Analog is controlled through its configuration file, analog.cfg , which usually resides in /etc . This file contains various options that help Analog combine data into useful chunks . For instance, SEARCHENGINE specifies search engines that might appear as referrers, so that Analog can summarize search engine links to your sites. Three options you're likely to want to set immediately are the following:

 LOGFILE  /path/to/log/file  OUTFILE  /path/to/output/file  HOSTNAME "  Your Organization's Name  " 

The first two of these items are critically important. If you don't specify them, Analog won't be able to locate your log file, and it will dump its output file directly to standard output. Analog's output is in the form of an HTML file with associated graphics, so you can read it with a Web browser. (You specify only the name for the main file, such as /home/httpd/html/analog/index.html ; Analog creates its graphics files in the same directory.) The HOSTNAME specification is purely cosmetic; Analog displays this information at the top of its report.

Unfortunately, some Analog packages are not fully functional out of the box because they make peculiar and contradictory assumptions about the locations of files. These problems can be overcome by creating a few symbolic links:

  • Configuration files ” Some Analog packages are built to assume that the analog.cfg file will be in the same directory as the Analog executable (usually /usr/bin ), although the file actually resides in /etc . The /usr/bin directory is a bizarre location for a configuration file, but you can type ln -s /etc/analog.cfg /usr/bin to leave the file in /etc but still satisfy Analog.

  • Language files ” Analog relies upon language files to operate properly. Some packages place these in /var/lib/analog/lang , but Analog may look for them in /usr/bin/lang . Typing ln -s /var/lib/ analog/lang /usr/bin allows Analog to function.

  • Support graphics ” Analog generates some graphics, such as pie charts, for each site it summarizes, but it also relies on other fixed graphics files. Some packages drop these files in /var/www/html/images by default, but the HTML that Analog generates looks for them in the images directory under the Analog output directory, so you may need to create another symbolic link. Change to the output directory you specified with the OUTFILE option and type ln -s /var/www/html/ images to give Analog access to these graphics files.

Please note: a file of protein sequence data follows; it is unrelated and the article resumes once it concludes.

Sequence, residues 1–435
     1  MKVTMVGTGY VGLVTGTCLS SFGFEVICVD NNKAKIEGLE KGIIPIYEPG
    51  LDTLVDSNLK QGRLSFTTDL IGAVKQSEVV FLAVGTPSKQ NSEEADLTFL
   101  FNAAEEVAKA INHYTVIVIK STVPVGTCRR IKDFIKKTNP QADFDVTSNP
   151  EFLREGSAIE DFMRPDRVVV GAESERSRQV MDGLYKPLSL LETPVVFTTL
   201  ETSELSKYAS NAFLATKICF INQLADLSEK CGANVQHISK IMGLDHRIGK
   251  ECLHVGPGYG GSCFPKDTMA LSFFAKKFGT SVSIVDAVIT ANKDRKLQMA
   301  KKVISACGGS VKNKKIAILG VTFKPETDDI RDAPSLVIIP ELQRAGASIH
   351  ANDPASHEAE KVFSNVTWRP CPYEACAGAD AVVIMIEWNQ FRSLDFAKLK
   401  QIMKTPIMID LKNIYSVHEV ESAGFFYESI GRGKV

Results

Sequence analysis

Keep in mind that these adjustments may not be required for all Analog packages. (I found them to be necessary with an Analog package intended for Linux Mandrake, analog-5.01-1mdk .)

Running Analog

Analog can be run by typing its name: analog . The user who types this command must have read access to the Web access logs, as well as write access to the Analog output directory. If you plan your permissions appropriately, you do not need root access for either task.

In most cases, you'll want to run Analog from a cron job on a regular basis, such as once a month, once a week, or even once a day. Keep in mind that Analog, although not a huge process, does consume some system resources, so running it very frequently (such as once a minute) can cause a performance hit, particularly on a busy server.

Interpreting Analog Output

The Analog output is broken into several distinct reports, each of which provides information that's been processed and summarized in a different way. The specific sections are as follows :

  • General summary ” This section provides general information that may be useful to judging the overall health of your Web server, such as the average number of requests it processes per day, the average number of successful and failed requests per day, and the total and average daily data transfers.

  • Monthly report ” The monthly report summarizes the number of pages served on a monthly basis. Increasing monthly use and decreasing perceived performance could mean you need to upgrade the server or its network connections.

  • Daily summary ” This section provides information on the number of pages served by the day of week (Monday, Tuesday, and so on).

  • Hourly summary ” This section is like the daily summary, but it summarizes server use by the hour within a day (1:00, 2:00, and so on). If you're experiencing slowdowns, you may want to check this summary and use it to fine-tune your diagnostics; you might miss a problem if you look for it during a less busy time of the day.

  • Domain report ” If your server handles multiple domains, you'll see a summary of the amount of traffic each one processes.

  • Organizational report ” If you associate different organizations with different domains or pages, this report breaks traffic down by organization.